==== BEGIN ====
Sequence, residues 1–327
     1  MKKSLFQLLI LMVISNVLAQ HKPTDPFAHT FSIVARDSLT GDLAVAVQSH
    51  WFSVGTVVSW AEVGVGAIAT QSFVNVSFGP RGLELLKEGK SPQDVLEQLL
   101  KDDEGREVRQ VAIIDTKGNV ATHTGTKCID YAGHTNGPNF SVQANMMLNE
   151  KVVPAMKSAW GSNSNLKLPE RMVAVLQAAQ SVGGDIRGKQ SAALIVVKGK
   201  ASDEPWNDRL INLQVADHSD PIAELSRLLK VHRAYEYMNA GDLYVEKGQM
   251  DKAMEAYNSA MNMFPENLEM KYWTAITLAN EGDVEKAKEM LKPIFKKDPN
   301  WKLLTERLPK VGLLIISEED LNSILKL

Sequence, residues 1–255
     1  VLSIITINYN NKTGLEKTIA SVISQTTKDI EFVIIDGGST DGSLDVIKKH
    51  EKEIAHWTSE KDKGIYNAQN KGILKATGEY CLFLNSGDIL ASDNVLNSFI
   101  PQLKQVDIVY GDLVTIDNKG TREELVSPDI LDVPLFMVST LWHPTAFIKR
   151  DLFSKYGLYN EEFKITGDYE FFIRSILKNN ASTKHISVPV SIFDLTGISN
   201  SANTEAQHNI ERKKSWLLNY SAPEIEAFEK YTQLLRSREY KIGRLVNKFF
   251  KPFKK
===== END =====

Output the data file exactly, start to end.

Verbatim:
Sequence, residues 1–327
     1  MKKSLFQLLI LMVISNVLAQ HKPTDPFAHT FSIVARDSLT GDLAVAVQSH
    51  WFSVGTVVSW AEVGVGAIAT QSFVNVSFGP RGLELLKEGK SPQDVLEQLL
   101  KDDEGREVRQ VAIIDTKGNV ATHTGTKCID YAGHTNGPNF SVQANMMLNE
   151  KVVPAMKSAW GSNSNLKLPE RMVAVLQAAQ SVGGDIRGKQ SAALIVVKGK
   201  ASDEPWNDRL INLQVADHSD PIAELSRLLK VHRAYEYMNA GDLYVEKGQM
   251  DKAMEAYNSA MNMFPENLEM KYWTAITLAN EGDVEKAKEM LKPIFKKDPN
   301  WKLLTERLPK VGLLIISEED LNSILKL

Sequence, residues 1–255
     1  VLSIITINYN NKTGLEKTIA SVISQTTKDI EFVIIDGGST DGSLDVIKKH
    51  EKEIAHWTSE KDKGIYNAQN KGILKATGEY CLFLNSGDIL ASDNVLNSFI
   101  PQLKQVDIVY GDLVTIDNKG TREELVSPDI LDVPLFMVST LWHPTAFIKR
   151  DLFSKYGLYN EEFKITGDYE FFIRSILKNN ASTKHISVPV SIFDLTGISN
   201  SANTEAQHNI ERKKSWLLNY SAPEIEAFEK YTQLLRSREY KIGRLVNKFF
   251  KPFKK